(If you are stunned by this, then you do not watch CSPAN and hear their own words coming out of their mouths. Hearings have been going on for many years and when the Republicans had control over the funding, their excuse for not increasing the VA budget to meet the challenge of taking care of the wounded warriors was there was not enough discretionary money to do it. It was really easy for them to be in front of a group of veterans when they wanted their votes to say they appreciated their service and then make statements against veterans on the floor of Congress. Senator John McCain was one of them. Check his voting record when it comes to veterans then maybe I can stop hearing how much better he would have been as President. As bad as it is, at least President Obama has increased funding and is trying to fix the mess the VA is in. While he has a long way to go, McCain wanted to hand out cards so that veterans could just go to private doctors and disappear. )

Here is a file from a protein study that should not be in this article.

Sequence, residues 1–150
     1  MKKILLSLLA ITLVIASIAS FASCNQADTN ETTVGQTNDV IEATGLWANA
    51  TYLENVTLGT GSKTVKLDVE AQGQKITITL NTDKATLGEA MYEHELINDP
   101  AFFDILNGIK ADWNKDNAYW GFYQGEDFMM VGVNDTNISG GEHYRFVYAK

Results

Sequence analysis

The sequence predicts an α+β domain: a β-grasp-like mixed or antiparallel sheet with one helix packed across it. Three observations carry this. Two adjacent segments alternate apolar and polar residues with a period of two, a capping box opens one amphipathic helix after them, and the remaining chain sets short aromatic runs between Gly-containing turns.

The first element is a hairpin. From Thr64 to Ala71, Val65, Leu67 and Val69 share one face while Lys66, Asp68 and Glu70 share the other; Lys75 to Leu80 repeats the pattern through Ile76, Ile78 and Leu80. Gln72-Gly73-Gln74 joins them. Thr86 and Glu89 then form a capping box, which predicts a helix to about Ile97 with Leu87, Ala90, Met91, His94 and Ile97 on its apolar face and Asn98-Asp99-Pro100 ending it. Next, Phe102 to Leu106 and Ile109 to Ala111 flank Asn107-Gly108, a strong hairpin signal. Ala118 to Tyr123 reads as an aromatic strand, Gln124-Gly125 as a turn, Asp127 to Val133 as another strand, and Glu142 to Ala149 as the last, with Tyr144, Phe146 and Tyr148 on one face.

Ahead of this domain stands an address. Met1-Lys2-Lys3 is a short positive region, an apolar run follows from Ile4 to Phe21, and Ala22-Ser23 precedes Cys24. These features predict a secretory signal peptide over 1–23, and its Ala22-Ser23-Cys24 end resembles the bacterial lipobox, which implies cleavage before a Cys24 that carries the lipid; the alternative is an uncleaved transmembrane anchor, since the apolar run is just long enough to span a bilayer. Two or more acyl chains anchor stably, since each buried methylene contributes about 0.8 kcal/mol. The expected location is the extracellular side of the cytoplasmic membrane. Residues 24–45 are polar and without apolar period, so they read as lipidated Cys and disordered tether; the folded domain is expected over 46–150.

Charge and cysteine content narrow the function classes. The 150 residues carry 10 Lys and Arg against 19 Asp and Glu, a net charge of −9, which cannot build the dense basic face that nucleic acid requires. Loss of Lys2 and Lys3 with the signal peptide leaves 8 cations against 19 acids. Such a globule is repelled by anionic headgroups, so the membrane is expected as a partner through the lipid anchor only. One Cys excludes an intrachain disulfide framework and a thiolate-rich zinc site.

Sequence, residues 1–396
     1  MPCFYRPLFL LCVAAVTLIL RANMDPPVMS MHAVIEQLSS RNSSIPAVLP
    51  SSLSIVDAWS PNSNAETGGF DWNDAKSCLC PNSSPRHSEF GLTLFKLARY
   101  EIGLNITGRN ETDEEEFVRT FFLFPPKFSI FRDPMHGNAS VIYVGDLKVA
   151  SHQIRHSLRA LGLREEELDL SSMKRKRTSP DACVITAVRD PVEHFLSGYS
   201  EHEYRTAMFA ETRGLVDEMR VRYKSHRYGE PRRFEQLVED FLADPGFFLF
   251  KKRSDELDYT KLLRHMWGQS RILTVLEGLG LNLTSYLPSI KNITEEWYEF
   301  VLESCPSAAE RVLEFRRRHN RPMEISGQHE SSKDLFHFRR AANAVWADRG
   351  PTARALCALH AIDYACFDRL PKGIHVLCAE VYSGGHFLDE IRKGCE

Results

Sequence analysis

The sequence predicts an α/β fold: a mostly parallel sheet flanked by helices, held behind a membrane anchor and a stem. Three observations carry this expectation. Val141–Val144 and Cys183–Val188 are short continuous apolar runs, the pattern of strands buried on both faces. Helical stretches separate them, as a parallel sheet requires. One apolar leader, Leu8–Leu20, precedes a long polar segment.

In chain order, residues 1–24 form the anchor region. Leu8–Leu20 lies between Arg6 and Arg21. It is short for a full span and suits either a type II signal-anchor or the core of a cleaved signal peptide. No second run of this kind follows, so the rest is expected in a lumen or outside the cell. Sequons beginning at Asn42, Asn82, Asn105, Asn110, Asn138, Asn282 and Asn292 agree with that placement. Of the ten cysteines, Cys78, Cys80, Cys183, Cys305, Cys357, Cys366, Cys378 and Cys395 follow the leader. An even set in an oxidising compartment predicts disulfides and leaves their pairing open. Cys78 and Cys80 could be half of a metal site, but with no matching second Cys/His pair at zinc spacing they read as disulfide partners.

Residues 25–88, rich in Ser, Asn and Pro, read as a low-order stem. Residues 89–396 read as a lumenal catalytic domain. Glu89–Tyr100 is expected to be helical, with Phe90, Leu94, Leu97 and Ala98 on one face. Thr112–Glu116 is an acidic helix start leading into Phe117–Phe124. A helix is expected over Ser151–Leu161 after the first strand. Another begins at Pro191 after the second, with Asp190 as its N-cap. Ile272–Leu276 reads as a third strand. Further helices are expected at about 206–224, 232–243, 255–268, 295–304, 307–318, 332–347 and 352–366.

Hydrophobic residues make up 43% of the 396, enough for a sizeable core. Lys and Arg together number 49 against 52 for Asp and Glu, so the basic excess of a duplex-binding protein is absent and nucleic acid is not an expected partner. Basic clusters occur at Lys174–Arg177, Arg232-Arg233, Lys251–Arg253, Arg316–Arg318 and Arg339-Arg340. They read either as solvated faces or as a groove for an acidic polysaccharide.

What is being done has not stopped the backlog of claims from increasing. It's time to take a good look at the lives these claims represent. These are our veterans!

One part of the citizens of this nation can get the veterans to seek help for PTSD, get them to understand what it is so that they realize there is absolutely nothing to be ashamed of at all because they carry this wound. This translates into also getting older veterans to seek help at the same time newer veterans are seeking help and this cluster of veterans should have been foreseen. Plans should have been in place many years ago to prepare for this, but no one was paying attention. At the same time there were two military campaigns going on in Iraq and Afghanistan, no one was preparing for the increase in veterans needing care. Now they are trying to play catchup at the same time the numbers are increasing.